Shock Absorbers

Shock Absorbers

For the smooth running of your car, a lot of action goes on underneath. Taking center stage in your car's hydraulic system is what we call dampers or in other words shock absorbers. But what makes them such a fuss for your vehicle's needs?

Role of a Shock Absorber

Simply put, a shock absorber is a hydraulic device that absorbs impulses from your car's suspension and spring. It reduces the recoiling factor that occurs when driving on a bumpy road. Contrary to belief, a shock absorber doesn't aid in weight support. It, however, is in charge of maintaining wheel contact on the road at all times. Your damper does this by resisting upward motion through viscous friction.

How shock absorbers work

In its basic form, a shock absorber works like an oil pump located between the wheels and the car frame. The upper mount of the damper joins to sprung weight (car shell supported by the springs) while the lower mount connects to the unsprung weight (wheel axle).

In the conventional twin-tube shock absorber (a design that features two tubes in the hydraulic fluid chamber), the upper mount contains a piston rod that is connected to a piston located inside the hydraulic fluid chamber. This chamber consists of a pressure tube (interior chamber) and a reserve tube (outer chamber).

During bumpy drives, the upper shock mount forces the piston rod down pushing the piston further in the pressure tube. The tiny opening in the pressure tube let out small amounts of hydraulic fluid under high pressure into the reserve tube. The resistant flow is what brings about the slowdown of the damper hence a stop in the spring oscillation.

A shock absorber thus converts the kinetic energy generated by your car's spring constant expanding and contracting into heat (thermal) energy. It then disposes of the heat energy to the atmosphere through heat exchange.

A shock absorber works in two cycles: compression and extension. During compression, the piston moves down while in extension state, it moves up the pressure tube. With that said, the compression cycle is in charge of the movement of your unsprung weight (wheel effects during a bump) while the extension cycle is left to handle the motion of the sprung weight (your car's body).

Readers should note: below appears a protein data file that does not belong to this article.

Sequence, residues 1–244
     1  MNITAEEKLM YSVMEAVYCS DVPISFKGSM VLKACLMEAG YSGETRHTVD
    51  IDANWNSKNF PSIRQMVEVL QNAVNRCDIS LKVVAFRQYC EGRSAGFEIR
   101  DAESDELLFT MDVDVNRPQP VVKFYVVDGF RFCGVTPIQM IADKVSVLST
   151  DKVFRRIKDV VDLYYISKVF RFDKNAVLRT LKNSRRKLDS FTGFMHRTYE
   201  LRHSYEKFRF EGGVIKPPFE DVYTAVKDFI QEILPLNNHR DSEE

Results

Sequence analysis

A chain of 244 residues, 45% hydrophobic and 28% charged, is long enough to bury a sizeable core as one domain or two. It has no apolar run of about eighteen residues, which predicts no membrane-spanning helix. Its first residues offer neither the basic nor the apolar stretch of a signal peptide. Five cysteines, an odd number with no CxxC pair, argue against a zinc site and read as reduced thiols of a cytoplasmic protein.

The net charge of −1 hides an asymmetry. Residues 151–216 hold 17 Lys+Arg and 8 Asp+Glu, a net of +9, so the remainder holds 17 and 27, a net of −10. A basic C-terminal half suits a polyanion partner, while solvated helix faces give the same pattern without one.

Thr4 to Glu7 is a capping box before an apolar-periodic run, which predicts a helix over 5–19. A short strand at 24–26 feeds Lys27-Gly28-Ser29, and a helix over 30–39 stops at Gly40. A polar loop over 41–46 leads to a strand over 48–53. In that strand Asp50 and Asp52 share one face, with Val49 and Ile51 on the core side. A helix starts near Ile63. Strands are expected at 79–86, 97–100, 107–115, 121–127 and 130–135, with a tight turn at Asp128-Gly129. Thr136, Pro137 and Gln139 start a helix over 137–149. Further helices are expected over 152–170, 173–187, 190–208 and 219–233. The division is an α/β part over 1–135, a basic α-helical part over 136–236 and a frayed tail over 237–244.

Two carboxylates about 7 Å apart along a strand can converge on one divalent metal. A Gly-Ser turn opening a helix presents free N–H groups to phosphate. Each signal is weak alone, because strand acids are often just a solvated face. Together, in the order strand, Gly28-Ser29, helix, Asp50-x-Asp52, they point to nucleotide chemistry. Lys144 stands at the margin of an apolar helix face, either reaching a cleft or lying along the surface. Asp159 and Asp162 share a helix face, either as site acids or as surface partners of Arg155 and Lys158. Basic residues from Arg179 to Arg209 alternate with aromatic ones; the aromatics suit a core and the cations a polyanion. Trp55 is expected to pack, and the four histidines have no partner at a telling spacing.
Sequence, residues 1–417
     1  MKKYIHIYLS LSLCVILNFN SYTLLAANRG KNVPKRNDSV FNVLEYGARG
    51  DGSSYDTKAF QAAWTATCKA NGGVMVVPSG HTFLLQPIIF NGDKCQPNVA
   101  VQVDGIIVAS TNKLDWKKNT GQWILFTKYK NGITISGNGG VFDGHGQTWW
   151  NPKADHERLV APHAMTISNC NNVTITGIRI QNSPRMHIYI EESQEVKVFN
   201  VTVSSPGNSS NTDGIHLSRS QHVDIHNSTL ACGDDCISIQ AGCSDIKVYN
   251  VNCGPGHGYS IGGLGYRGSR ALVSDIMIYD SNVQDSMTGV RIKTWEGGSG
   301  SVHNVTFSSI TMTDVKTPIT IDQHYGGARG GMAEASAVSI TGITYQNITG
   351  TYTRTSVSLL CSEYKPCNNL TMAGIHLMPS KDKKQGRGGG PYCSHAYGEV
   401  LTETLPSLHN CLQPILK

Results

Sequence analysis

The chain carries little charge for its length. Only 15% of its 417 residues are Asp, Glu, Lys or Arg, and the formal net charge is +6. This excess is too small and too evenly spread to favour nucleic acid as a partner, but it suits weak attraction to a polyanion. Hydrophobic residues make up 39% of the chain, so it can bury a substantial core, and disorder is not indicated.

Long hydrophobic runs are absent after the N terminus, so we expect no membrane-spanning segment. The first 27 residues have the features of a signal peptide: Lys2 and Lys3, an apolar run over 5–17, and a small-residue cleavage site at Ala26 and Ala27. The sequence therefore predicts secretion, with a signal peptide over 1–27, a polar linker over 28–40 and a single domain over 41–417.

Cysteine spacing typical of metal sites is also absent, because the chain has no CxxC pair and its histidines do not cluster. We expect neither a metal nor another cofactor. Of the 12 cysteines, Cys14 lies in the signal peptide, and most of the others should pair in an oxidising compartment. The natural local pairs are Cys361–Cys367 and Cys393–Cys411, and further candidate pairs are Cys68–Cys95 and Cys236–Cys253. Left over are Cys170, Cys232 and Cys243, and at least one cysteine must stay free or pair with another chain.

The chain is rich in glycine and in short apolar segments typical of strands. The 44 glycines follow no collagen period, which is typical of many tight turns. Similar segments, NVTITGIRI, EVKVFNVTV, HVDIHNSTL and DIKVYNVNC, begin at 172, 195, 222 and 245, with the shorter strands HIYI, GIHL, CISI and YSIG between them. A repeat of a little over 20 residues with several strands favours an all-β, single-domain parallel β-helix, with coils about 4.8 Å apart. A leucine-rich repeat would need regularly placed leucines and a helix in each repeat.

Types of Shock absorbers

Today's shocks are design with motion-sensitive capability – how fast your spring action is and the resistance your shocks need to provide. This advancement makes shocks adjustable to different road conditions thereby controlling unwanted motions that result from bouncing, swaying, braking, and accelerating.

The types of shocks available also differ mostly in terms of design and application. They include:

  • Standard Shock: It's the conventional oil-filled damper that can last for 100,000 miles before needing replacement. This shock, however, features no special effects. It's commonly adorned by 20th-century cars.
  • Gas Shock: It's often used on smaller vehicles. It relies on oil for cushioning while the pressurized nitrogenous gas found inside is used to keep the oil from foaming or thinning out when cooling the shocks.
  • Coil-over/overload Shock: Highly used on off-road cars such as drifters and drag racers. They mostly feature coil spring fixed around the shock cylinder.
  • Heavy Duty Shock: Used on trucks, passenger buses and any vehicle that carries extra weight. They come with reinforced attachments points, larger diameters, and bigger center shafts.
  • Automatic Lever Control Shock: Found on high-end cars. Comes with electric operated air pumps that automatically adjust in case there is added weight.
  • Air Shock: It's an aftermarket shock that's generally installed in the rear tires of trucks and vans. Comes with an air inlet that pressurizes the shock for a raised vehicle. Unlike the automatic control shock, this must be manually inflated.

How to identify a damaged shock absorber

After years of use, your shocks tend to wear out. When they do so, they are certain alarms that you need to watch out for, they include:

  • Oil leaks: Oil stains are alarming. If noted, it's best to change your shocks asap.
  • Rocking and rattling: Worn out shocks can cause a bouncing effect making the ride very uncomfortable. The constant rocking also affects wheel contact with the ground. Driving under such conditions makes maneuvering difficult.
  • Swerving and nose dive: Your shocks keep your car steady during brakes and accelerations. If damaged, your front tends to dive when braking while the rear squats during acceleration. Your vehicle's stability may also be compromised during turns. The car's body may feel like its leaning towards the bend.
  • Long stopping distances: Damaged shocks can increase your stopping distance by 20%. As you continue to accelerate the longer the distance, it will take to stop when suddenly braking. This is quite dangerous in case of an accident.
  • Uneven tire wear: As mentioned earlier, shocks keep your tires even on the ground. If damaged, uneven road contact is established, and the result may be fast wear-outs on some tire parts. This may result in punctures or hydroplaning.
  • Vibrations: One major red flag is the clucking sound normally heard when driving. The vibrations can also be heard when steering.

If your car is experiencing these indications, it might be time to replace your shock absorber with a new one.





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